Who are your friends? The overlapping circles of friendship.

Boyfriends. Girlfriends. Writing friends. College friends. Husband friends. Couple friends. They come in all shapes and sizes, young and old. Some started out young, and somehow aged while I stayed the same. And some are friends not because of who they are, but what they do.

And that is the definition of my ski friends. They are friends because they love to ski, and so do I.

We all came to skiing for different reasons, different ways, but the end result is the same. We came together with skis or snowboards and stayed for the après ski; food, wine, conversation, common goals, and uncommon goals. We’ve been all shapes and sizes, young and old. The common thread: skiing.

I didn’t grow up skiing—even though I grew up in Montana. We were farmers, living two hours from the closest ski area. It was expensive, and not something a family of eight kids could afford. But I had an older brother who took me for the first time, as he ventured into the sport himself. I was hooked the first time. Then later, Sheri, (my first friend in first grade) who came from a skiing family, and I would meet-up on my forays to Red Lodge.

In college and with the independence of being a poor college student, I had a boyfriend who skied, thus my early introduction to Tahoe Basin–Heavenly, Squaw Valley, Kirkwood–and then Park City, Utah. But it wasn’t until I had a job of my own, with disposable income and a slowdown in job transfers, did I begin creating a circle of ski friends.

When I first moved to Minneapolis and got my first office job, I joined the Hyland Hills Ski Patrol. It was in the mid-1980s (!) and I was a hacker skier—unschooled and rag-tag. But the patrol allowed me to ski for free and smoothed out the technical rough edges of my ski form. It also formed one of the first circles of friends outside of work. I had a motto I lived by at my day job—don’t mix business and pleasure—but that didn’t apply to my volunteer patrol job, so naturally I fell in love with another patroller. I patrolled for over five years. Got married (not to the patroller) and had babies. Something had to go and since the babies and my day job were kinda permanent, I gave up patrolling.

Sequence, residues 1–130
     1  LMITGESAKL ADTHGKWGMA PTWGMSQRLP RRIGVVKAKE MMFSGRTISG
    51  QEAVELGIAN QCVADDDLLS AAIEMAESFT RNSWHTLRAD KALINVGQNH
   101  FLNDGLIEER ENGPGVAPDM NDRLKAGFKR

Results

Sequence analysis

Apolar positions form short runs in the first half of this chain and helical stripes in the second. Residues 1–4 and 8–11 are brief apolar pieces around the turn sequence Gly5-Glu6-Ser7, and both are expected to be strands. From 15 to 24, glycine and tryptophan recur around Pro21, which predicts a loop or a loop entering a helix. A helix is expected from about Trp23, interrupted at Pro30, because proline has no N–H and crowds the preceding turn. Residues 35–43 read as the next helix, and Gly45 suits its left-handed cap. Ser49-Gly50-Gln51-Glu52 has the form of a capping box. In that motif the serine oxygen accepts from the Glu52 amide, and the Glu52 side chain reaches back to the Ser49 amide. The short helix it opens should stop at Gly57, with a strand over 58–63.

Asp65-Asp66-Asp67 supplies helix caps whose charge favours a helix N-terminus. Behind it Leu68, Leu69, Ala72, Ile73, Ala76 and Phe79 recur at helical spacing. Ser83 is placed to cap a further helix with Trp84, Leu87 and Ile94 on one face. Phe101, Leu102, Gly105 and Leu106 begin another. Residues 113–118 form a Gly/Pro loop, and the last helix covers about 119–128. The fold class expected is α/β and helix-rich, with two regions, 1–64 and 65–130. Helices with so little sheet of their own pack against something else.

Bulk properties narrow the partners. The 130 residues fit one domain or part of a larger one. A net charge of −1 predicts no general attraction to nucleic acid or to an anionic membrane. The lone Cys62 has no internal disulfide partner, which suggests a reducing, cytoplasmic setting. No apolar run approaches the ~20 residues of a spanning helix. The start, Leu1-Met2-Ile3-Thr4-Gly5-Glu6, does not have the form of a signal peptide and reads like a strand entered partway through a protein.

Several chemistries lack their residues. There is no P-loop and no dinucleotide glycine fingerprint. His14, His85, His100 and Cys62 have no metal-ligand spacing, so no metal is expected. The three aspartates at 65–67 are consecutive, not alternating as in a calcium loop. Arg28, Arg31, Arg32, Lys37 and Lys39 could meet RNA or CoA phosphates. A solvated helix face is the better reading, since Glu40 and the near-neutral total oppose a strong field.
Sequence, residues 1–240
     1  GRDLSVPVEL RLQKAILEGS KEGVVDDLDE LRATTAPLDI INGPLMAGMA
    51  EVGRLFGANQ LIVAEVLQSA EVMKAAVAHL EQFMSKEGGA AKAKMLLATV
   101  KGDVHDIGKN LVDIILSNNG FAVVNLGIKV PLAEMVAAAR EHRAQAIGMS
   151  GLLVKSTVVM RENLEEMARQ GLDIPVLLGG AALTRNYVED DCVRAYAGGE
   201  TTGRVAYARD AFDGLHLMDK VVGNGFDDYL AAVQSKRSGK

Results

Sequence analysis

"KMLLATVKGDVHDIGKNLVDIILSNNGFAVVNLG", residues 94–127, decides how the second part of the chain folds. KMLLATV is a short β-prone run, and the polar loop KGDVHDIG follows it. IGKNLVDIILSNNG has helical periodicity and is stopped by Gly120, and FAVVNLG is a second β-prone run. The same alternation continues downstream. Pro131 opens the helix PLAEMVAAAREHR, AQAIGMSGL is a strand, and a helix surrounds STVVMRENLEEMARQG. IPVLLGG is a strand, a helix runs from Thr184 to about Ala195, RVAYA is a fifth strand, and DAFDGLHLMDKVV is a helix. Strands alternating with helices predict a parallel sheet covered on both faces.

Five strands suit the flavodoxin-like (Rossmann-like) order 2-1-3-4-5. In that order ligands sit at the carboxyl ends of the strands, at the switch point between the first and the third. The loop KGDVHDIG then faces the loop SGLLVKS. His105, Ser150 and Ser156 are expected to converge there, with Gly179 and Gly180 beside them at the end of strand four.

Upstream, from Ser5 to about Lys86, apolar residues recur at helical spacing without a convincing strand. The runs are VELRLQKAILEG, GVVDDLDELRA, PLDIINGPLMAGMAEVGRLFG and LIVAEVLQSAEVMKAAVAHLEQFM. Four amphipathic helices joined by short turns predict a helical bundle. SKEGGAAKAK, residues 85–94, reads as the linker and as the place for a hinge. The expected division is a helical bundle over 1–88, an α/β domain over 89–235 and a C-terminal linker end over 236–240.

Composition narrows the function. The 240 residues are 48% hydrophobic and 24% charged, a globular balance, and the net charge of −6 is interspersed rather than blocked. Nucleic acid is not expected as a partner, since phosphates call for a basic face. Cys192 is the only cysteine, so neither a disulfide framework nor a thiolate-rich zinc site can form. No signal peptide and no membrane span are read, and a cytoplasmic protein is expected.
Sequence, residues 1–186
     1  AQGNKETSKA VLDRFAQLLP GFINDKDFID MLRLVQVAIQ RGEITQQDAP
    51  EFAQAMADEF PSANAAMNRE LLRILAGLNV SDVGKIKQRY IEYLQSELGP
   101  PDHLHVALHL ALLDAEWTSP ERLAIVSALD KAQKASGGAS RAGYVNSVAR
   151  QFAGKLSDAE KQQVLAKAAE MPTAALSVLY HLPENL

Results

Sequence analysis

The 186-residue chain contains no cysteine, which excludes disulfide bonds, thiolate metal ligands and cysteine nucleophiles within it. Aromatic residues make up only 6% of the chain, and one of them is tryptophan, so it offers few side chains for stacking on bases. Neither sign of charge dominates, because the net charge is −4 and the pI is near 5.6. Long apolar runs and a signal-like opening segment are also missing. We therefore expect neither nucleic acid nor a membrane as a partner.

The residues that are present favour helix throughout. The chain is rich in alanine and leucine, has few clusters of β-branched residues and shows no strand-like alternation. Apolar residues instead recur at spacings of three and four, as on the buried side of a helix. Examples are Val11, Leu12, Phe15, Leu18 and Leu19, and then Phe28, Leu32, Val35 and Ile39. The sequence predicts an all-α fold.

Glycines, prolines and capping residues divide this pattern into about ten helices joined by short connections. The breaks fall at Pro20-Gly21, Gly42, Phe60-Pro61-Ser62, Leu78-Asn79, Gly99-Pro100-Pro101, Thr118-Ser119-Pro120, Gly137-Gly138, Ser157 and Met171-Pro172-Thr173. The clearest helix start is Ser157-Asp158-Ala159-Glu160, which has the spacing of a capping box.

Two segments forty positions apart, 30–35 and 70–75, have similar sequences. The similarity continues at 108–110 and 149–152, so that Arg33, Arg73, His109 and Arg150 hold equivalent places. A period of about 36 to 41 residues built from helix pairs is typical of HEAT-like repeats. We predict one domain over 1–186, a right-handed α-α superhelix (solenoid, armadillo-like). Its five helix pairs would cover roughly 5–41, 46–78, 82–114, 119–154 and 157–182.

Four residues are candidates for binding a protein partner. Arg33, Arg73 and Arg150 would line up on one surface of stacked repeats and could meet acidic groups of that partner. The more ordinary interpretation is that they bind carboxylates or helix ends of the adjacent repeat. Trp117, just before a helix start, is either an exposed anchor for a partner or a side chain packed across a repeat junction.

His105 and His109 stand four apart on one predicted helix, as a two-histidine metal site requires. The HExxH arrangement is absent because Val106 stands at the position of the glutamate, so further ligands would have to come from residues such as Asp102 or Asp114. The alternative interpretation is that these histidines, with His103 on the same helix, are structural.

When my kids finally got old enough that they could function more or less independently, I decided to get back into the ski industry. While I liked patrolling, that volunteer job was beginning to be more medical, beyond basic winter first aid. So I turned to instructing.

I don’t know what your picture of a ski instructor might be, but mine was of a handsome man, long and lean, with an Icelandic hand knit sweater, scruffy beard with a few ice crystals building in the scruff, and Jean-Claude Killy ski racing form. OK, I am dating myself, most of my dear readers won’t know who Jean-Claude is, and since he was only 5’10” tall, my imagined Jean-Claude is much taller and still 30…

Instead, most ski instructors (with the notable exception of some guys who really do look like J-CK) could come from your local junior high, senior center or PTA/Rotary Club. The young people are very young or very poor—the very young ones are just looking for a winter job, and the very poor are ski fanatics who want the ski life.

When I first began ski instructing, I fell into the PTA group—I actually WAS a member of a PTA. Because ski instruction demands that a person knows something about teaching and skiing, the rookie class of instructors skied together in educational classes that taught us how to teach. We had a break room where cool instructors (that was all of us, because by definition ski instructors are cool) would shed the layers of clothes to reveal normal sized people with normal sized personalities. I remember years later when I was a cool ski instructor supervisor a new recruit, a young man all of 16 years old,  told me that his dream was to be a member of the cool group who congregated in the ski instructor break room.